•    Sustaining attention to relevant information.


•    Seeing more than one way to accomplish a task/solve a problem.
•    Seeing “the forest for the trees.” Seeing the big picture due to a tendency to focus on the details of a given situation.
•    Recognizing what emotions feel like and look like in self and others.
•    Recognizing and understanding other people’s thoughts, feelings, and intentions due to a tendency to ignore or misinterpret such cues as facial expression, body language  and vocal intonation.
•    Recognizing and protecting oneself from bullies.


•    Recognizing and categorizing information.
•    Feeling somehow different and disconnected from the rest of the world and not “fitting in” — sometimes called “Wrong Planet” Syndrome.
•    Fatigue due to sensory stimulation in certain environments.
•    Fatigue due to conscious mental processing of information that others might process intuitively.
•    Exhaustion due to easily-triggered nervous system (active “Fight or Flight” response).


•    Difficulties with sleep patterns.
•    Developing strategies to offset weaknesses and build on strengths.
•    Coping with changes in familiar routines.
•    Controlling flight or fight response when anxious.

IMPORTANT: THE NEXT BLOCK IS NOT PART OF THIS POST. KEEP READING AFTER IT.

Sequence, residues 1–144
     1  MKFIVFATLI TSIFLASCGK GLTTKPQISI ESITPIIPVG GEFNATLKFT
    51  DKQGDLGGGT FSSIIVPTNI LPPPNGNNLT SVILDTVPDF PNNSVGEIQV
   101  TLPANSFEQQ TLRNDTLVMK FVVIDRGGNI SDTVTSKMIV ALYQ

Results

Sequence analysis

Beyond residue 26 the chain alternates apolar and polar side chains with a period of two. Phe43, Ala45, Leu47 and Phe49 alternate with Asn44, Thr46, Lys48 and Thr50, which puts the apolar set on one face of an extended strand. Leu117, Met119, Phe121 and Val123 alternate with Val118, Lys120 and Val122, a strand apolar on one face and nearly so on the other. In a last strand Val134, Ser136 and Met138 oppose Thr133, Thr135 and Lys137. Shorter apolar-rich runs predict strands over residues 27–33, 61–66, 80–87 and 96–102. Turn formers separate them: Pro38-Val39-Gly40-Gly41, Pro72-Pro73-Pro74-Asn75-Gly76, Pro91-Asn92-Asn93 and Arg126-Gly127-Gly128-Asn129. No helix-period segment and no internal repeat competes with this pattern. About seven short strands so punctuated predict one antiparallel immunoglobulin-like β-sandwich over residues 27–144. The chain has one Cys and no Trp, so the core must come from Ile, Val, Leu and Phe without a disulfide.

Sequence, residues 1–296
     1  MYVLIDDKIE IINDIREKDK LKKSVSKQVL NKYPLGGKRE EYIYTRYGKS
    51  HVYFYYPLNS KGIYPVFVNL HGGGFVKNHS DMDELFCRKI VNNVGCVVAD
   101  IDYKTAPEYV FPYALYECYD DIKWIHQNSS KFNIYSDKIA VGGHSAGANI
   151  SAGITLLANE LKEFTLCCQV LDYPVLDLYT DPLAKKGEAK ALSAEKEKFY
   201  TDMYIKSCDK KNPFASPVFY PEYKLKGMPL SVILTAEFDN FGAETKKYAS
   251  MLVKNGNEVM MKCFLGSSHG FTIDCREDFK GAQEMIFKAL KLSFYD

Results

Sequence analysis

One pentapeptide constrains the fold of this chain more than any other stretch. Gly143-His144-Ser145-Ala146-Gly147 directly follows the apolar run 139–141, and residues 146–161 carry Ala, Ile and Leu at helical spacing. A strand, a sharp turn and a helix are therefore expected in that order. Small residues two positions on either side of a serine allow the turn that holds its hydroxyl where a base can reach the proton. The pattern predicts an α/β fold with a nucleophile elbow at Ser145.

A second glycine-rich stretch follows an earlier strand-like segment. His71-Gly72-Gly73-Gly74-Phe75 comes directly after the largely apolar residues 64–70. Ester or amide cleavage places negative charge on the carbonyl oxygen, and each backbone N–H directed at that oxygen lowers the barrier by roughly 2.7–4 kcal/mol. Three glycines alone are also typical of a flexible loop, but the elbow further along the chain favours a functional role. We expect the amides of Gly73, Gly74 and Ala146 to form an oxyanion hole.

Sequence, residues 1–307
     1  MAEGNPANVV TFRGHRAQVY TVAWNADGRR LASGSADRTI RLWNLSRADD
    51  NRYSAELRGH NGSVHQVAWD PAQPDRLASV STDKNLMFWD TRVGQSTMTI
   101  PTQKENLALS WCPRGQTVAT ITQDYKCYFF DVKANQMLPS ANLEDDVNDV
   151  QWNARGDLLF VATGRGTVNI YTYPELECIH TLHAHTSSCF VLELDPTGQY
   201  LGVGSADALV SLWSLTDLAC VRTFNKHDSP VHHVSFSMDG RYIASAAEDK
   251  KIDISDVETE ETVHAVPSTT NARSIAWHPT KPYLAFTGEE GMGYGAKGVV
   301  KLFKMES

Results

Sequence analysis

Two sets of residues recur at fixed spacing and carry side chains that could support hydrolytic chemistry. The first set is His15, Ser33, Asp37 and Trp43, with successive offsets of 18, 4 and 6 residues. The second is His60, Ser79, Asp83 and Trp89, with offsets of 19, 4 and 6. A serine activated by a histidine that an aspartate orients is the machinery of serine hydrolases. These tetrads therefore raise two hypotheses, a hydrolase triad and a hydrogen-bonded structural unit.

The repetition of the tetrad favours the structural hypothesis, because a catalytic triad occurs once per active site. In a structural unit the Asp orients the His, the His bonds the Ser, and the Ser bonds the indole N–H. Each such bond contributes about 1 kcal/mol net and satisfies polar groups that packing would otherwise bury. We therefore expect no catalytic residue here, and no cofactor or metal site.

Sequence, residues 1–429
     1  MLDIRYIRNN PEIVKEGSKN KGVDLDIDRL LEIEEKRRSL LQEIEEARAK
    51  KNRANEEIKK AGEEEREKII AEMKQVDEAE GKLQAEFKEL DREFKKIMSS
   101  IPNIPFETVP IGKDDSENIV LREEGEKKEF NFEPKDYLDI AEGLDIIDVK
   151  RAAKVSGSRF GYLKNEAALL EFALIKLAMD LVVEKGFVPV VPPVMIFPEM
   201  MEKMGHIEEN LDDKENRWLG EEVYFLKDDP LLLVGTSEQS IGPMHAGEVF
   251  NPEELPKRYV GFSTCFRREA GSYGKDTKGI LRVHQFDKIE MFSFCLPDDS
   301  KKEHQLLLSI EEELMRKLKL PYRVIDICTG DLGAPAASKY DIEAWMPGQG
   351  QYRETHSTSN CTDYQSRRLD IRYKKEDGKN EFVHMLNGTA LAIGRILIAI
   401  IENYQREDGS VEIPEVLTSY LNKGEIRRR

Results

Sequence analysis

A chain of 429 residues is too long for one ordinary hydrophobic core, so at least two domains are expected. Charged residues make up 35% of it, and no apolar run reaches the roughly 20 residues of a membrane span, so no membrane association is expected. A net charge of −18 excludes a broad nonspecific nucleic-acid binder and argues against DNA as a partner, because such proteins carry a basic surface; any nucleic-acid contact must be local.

•    Change may trigger anxiety, while familiar objects, settings, and routines offer reassurance. One result is difficulty transitioning from one activity to another: from one class to another, from work-time to lunch or from talking to listening.


•    Realizing there are exceptions to rules; tolerating when other people bend rules.
•    Processing social information quickly and efficiently.
•    Prioritizing, initiating, and completing tasks.
•    Perceiving and expressing one’s own feelings.
•    Organizing thoughts and materials.


•    Noticing and correctly interpreting other people’s nonverbal communication (gestures, body position, facial expression and tone of voice).
•    Motor planning (using the body to accomplish a task).
•    Modulating one’s own nonverbal communication.
•    Knowing where one’s body is in space; avoiding bumping into people or objects.
•    Knowing when one needs help; asking for help.
•    Knowing what to do or say in various social situations.


•    Intense, narrow, time-consuming personal interest(s) — sometimes eccentric in nature — that may result in social isolation, or interfere with the completion of everyday tasks.
•    Integrating multiple sensations and responding appropriately.
•    Initiating, joining, and maintaining conversation.
•    Generating novel or alternative solutions.


•    Generalizing skills from one setting to another.
•    Filtering out extraneous stimuli.
•    Being tactful; being able to tell “white lies.”
•    Aversion to or craving for certain types/intensities of sensory input. Extreme sensitivity — or relative insensitivity — to sights, sounds, smells, tastes, or textures. Many people outgrow these sensory issues at least to some extent as they mature.


•    Auditory, visual, or intellectual processing, which can contribute to difficulties keeping up in a range of social settings.
•    Appearing awkward or rude, and unintentionally upset others.
•    Analyzing relevant vs. irrelevant information.
•    Accepting feedback, advice, suggestions or help from others.
•    Abstracting the main idea from text or conversation.